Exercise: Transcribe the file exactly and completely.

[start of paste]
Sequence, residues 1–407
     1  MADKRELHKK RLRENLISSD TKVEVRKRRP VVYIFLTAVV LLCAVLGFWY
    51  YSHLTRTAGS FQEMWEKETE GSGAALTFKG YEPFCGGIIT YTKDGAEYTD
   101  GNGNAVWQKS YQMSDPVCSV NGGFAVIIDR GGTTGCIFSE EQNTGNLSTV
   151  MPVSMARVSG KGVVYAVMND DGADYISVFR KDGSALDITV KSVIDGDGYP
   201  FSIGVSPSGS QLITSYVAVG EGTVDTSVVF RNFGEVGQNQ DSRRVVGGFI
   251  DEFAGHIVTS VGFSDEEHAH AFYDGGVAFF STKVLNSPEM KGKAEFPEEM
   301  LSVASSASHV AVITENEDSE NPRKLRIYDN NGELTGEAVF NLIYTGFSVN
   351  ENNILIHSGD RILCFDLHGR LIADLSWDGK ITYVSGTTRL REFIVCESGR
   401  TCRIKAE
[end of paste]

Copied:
Sequence, residues 1–407
     1  MADKRELHKK RLRENLISSD TKVEVRKRRP VVYIFLTAVV LLCAVLGFWY
    51  YSHLTRTAGS FQEMWEKETE GSGAALTFKG YEPFCGGIIT YTKDGAEYTD
   101  GNGNAVWQKS YQMSDPVCSV NGGFAVIIDR GGTTGCIFSE EQNTGNLSTV
   151  MPVSMARVSG KGVVYAVMND DGADYISVFR KDGSALDITV KSVIDGDGYP
   201  FSIGVSPSGS QLITSYVAVG EGTVDTSVVF RNFGEVGQNQ DSRRVVGGFI
   251  DEFAGHIVTS VGFSDEEHAH AFYDGGVAFF STKVLNSPEM KGKAEFPEEM
   301  LSVASSASHV AVITENEDSE NPRKLRIYDN NGELTGEAVF NLIYTGFSVN
   351  ENNILIHSGD RILCFDLHGR LIADLSWDGK ITYVSGTTRL REFIVCESGR
   401  TCRIKAE